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Old 05-14-2016, 11:10 AM
 
Location: Fort Collins, USA
1,448 posts, read 2,355,378 times
Reputation: 1775

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I often wonder whether the desire to move to (or stay in Colorado) would abate to some extent if water was more extensive and/or irrigtated turf was banned or substantially restricted. I've met an inordinate amount of Coloradans in my decades here who don't like dry landscapes and only recreate in the mountains.

 
Old 05-14-2016, 11:59 AM
 
1,246 posts, read 919,200 times
Reputation: 1433
Quote:
Originally Posted by NW Crow View Post
Diversions of water previously available or used in agriculture are what has been done for about 150 years on the front range. I have the impression that that the municipal water takers feel pretty confident they will be able to meet the urban demands for water in most places thru 2040 or 2050. Maybe it gets a lot tougher later but I doubt front range growth in general falls short of projections due to inadequate water before 2040 or 2050. There is so much water currently used by ag that can and probably will eventually get bought up. Conservation gains are also still quite possible and likely. But further climate change might make things tougher or a lot tougher. Even then I'd still bet that a large share of the growth still happens, just forcing some further buys and conservation measures. Front lawns may go before the houses and the people in them stop being added.
Yeah I read like 95% of all water in CA and CO goes to agriculture...something like 3% of the population.

So we are making the vast majority of the population pay for subsidized farming to grow crops in a desert to artificially support a population that isn't sustainable.....brilliant!
 
Old 05-14-2016, 12:51 PM
 
20,840 posts, read 39,052,603 times
Reputation: 19074
Quote:
Originally Posted by sammy87 View Post
Yeah I read like 95% of all water in CA and CO goes to agriculture...something like 3% of the population.

So we are making the vast majority of the population pay for subsidized farming to grow crops in a desert to artificially support a population that isn't sustainable.....brilliant!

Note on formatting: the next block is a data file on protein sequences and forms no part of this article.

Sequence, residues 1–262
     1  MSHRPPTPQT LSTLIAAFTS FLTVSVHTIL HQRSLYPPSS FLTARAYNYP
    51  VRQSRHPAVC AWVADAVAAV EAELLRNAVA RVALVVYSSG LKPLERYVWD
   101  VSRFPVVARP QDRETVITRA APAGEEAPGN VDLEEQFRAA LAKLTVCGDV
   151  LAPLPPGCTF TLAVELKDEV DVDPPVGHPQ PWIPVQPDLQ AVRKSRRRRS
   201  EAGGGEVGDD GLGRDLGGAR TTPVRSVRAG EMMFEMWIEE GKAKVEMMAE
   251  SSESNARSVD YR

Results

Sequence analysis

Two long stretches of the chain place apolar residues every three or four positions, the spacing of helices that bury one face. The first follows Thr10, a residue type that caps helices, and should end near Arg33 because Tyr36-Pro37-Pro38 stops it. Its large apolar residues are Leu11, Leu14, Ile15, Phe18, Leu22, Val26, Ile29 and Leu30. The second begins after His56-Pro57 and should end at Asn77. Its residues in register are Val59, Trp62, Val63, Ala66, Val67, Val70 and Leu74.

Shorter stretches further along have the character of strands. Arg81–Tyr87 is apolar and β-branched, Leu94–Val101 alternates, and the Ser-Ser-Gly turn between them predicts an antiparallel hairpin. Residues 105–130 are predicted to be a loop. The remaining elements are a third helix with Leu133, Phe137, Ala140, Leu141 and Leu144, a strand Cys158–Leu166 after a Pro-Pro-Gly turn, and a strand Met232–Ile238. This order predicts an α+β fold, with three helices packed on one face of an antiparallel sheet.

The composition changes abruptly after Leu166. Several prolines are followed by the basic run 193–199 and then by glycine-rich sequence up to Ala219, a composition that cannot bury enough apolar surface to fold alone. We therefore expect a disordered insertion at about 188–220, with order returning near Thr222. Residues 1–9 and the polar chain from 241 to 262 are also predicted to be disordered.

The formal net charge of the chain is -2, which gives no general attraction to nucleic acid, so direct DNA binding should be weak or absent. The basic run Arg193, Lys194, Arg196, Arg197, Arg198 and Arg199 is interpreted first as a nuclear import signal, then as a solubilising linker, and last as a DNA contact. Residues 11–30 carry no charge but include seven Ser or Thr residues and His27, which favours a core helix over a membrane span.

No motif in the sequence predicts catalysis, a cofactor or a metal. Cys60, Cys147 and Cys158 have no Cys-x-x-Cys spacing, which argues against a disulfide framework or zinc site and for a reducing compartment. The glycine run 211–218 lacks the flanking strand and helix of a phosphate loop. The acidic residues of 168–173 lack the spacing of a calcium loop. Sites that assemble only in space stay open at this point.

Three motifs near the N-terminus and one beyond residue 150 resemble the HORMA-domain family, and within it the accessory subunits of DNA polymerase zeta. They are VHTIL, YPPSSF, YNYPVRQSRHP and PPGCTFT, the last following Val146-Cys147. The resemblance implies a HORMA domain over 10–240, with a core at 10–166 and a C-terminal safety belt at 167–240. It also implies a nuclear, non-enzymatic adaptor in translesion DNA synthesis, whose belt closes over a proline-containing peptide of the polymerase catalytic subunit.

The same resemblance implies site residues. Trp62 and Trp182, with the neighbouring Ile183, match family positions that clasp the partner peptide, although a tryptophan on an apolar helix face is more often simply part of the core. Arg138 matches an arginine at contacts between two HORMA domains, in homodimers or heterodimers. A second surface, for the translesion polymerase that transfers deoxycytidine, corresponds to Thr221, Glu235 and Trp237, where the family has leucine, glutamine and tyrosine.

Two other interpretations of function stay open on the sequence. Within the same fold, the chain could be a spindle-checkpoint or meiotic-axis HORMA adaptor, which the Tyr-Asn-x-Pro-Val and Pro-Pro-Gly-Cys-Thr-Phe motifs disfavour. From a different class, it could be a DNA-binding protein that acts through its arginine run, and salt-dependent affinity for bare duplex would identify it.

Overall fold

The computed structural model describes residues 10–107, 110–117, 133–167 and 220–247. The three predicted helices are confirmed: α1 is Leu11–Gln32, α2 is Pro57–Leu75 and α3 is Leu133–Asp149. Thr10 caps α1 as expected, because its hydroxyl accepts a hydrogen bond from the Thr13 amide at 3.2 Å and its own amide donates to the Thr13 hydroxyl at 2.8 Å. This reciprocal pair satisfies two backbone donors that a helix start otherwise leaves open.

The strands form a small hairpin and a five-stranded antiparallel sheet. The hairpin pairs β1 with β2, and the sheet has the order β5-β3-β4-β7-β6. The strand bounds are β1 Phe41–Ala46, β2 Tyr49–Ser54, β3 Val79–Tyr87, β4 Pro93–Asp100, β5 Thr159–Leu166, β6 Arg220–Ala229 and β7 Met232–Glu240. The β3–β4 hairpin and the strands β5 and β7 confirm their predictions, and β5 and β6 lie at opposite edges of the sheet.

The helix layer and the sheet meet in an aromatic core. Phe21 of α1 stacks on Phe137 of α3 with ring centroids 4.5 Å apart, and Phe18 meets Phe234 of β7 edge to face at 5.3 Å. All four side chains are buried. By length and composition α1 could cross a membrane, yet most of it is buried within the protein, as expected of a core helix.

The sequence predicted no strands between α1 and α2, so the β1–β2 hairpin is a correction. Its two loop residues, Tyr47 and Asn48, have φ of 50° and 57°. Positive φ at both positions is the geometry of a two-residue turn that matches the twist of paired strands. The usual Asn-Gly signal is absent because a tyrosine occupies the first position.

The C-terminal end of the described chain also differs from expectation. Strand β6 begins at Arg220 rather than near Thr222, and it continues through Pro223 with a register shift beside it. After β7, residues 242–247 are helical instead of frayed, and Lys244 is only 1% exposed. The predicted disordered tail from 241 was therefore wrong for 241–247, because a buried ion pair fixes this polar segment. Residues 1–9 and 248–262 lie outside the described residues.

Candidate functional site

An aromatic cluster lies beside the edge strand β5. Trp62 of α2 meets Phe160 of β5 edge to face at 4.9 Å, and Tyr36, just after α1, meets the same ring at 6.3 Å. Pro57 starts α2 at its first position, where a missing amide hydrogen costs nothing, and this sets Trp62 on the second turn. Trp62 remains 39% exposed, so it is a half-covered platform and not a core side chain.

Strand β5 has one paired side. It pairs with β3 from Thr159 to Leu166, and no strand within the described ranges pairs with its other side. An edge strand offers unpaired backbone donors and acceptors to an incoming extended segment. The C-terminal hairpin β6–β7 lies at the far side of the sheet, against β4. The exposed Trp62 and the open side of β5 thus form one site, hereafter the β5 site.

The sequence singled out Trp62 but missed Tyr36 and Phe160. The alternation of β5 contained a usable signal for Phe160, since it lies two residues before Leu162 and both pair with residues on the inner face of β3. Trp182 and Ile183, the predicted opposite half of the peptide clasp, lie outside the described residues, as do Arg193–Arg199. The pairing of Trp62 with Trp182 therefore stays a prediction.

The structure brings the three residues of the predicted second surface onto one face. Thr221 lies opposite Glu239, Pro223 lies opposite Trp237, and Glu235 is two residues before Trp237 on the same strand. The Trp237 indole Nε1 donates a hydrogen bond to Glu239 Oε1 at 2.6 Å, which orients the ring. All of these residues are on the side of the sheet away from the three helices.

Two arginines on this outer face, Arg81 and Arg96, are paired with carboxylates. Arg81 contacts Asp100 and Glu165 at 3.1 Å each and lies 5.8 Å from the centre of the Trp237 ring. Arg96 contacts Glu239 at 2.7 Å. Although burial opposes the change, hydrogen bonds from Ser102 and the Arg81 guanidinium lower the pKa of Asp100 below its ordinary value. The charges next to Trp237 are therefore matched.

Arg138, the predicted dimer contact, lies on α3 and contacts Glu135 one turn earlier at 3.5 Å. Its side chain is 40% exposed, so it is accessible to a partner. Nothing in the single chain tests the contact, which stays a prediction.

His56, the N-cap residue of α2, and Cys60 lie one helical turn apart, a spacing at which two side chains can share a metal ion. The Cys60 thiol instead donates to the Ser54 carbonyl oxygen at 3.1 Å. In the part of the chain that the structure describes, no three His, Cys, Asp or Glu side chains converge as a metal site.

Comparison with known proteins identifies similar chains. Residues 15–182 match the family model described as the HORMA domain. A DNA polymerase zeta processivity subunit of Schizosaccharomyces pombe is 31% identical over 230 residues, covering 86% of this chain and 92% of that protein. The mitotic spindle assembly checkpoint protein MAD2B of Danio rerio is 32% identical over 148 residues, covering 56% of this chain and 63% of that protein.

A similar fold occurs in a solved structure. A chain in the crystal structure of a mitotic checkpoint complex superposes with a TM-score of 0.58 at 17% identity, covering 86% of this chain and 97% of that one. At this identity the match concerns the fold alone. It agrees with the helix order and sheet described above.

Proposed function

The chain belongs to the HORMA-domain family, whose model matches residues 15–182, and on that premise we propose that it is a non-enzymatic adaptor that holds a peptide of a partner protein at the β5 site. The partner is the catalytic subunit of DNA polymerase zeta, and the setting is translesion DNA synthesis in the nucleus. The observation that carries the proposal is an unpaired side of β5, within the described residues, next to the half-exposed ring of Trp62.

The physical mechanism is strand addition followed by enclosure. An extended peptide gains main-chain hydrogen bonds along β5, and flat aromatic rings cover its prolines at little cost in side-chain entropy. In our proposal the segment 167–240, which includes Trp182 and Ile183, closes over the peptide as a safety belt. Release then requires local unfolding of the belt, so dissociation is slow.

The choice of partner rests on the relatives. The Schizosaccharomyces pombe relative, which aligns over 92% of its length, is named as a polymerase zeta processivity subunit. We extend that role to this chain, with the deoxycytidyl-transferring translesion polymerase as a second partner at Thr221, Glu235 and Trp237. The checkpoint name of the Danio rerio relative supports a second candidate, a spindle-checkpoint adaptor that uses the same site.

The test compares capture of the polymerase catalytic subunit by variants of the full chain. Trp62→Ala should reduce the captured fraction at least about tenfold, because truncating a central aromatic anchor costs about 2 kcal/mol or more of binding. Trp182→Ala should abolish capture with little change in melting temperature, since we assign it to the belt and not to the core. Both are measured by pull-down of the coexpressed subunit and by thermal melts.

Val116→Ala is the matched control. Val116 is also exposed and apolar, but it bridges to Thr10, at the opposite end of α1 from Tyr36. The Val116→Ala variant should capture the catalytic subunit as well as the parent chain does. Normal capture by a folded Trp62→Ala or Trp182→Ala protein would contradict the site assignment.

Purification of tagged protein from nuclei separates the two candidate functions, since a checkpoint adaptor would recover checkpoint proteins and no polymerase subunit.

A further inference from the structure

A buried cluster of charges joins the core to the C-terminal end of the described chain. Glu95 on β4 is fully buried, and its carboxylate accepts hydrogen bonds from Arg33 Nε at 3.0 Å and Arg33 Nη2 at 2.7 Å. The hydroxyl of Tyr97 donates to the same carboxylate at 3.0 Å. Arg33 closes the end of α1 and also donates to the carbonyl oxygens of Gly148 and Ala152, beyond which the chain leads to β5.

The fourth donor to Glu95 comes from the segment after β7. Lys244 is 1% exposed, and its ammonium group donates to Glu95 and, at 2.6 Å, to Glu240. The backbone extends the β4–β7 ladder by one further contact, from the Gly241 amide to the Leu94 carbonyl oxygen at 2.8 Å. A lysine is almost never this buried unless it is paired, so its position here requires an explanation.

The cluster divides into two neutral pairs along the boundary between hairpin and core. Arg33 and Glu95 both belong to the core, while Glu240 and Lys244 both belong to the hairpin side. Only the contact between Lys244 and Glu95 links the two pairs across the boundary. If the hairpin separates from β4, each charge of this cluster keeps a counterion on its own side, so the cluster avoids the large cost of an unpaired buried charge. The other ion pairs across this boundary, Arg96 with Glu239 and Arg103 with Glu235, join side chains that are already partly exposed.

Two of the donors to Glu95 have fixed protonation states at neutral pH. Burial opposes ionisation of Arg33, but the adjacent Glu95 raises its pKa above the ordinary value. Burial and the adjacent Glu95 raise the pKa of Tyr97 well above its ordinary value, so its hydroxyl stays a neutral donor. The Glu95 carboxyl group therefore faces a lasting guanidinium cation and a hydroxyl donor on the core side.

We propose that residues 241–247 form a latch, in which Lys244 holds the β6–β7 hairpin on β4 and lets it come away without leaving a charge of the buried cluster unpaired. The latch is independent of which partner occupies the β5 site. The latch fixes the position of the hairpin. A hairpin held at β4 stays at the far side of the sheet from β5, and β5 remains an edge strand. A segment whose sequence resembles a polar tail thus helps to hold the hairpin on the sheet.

Over the years in these forums I've quoted some state of COLO figures that 90% of the water that is used in COLO is used for Ag, and 10% is for homeowner use. Note that I said "of the water that is used in COLO" as there is a lot of water that falls here but is NOT used here, it simply runs out via the river systems to other states for their use.

Water is a major issue here, and will be going forward.

This is not a very good thread, since there is no stated "capacity" for Colorado. We are not only limited by water but by many other factors like jobs, schools, roads, and of course the sheer lunacy of TABOR which limits the state from fulfilling valid obligations to the populace. etc.
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Last edited by Mike from back east; 05-14-2016 at 01:07 PM..
 
Old 05-14-2016, 03:36 PM
 
Location: Colorado Springs
4,324 posts, read 1,787,341 times
Reputation: 3284
Quote:
Originally Posted by Mike from back east View Post
Over the years in these forums I've quoted some state of COLO figures that 90% of the water that is used in COLO is used for Ag, and 10% is for homeowner use. Note that I said "of the water that is used in COLO" as there is a lot of water that falls here but is NOT used here, it simply runs out via the river systems to other states for their use.

Water is a major issue here, and will be going forward.

This is not a very good thread, since there is no stated "capacity" for Colorado. We are not only limited by water but by many other factors like jobs, schools, roads, and of course the sheer lunacy of TABOR which limits the state from fulfilling valid obligations to the populace. etc.
TABOR really is handicapping the state in its ability to move forward on infrastructure projects it needs to be repealed.
 
Old 05-14-2016, 05:49 PM
 
147 posts, read 187,643 times
Reputation: 291
Quote:
Originally Posted by David Aguilar
Now if only we could make water out of wine....


Quote:
Originally Posted by suzco View Post
or better yet, out of beer.
We make water out of beer and wine all the time. Just have to filter it through our kidneys first.
 
Old 05-15-2016, 01:05 AM
 
Location: Arvada, CO
13,227 posts, read 24,316,643 times
Reputation: 12943
Quote:
Originally Posted by freewest View Post
We make water out of beer and wine all the time. Just have to filter it through our kidneys first.
You might be on to something there....
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Old 05-15-2016, 07:13 AM
 
Location: We_tside PNW (Columbia Gorge) / CO / SA TX / Thailand
22,401 posts, read 39,713,740 times
Reputation: 23426
Wine has been cheaper than water for 8 centuries in parts of Spain.

We can watch what is happening to CA ag. Foretelling of Colorado changes.

The politico will just encourage less water to US ag, to stimulate USA chemical use on foreign AG products that find their way to the food stream in USA. It works out pefect for the failed USA healthcare system. More peopleneeding more medical care id good business to over priced USA healthcare. Keeps the economy rolling in dough... Your dough. Thanks for your contribution.

BTW: Recycled toilet water is used in many places around the world for food production.

The beverage industries use a lot of water to make unhealthy drinks.
 
Old 05-15-2016, 07:44 AM
 
Location: Colorado Springs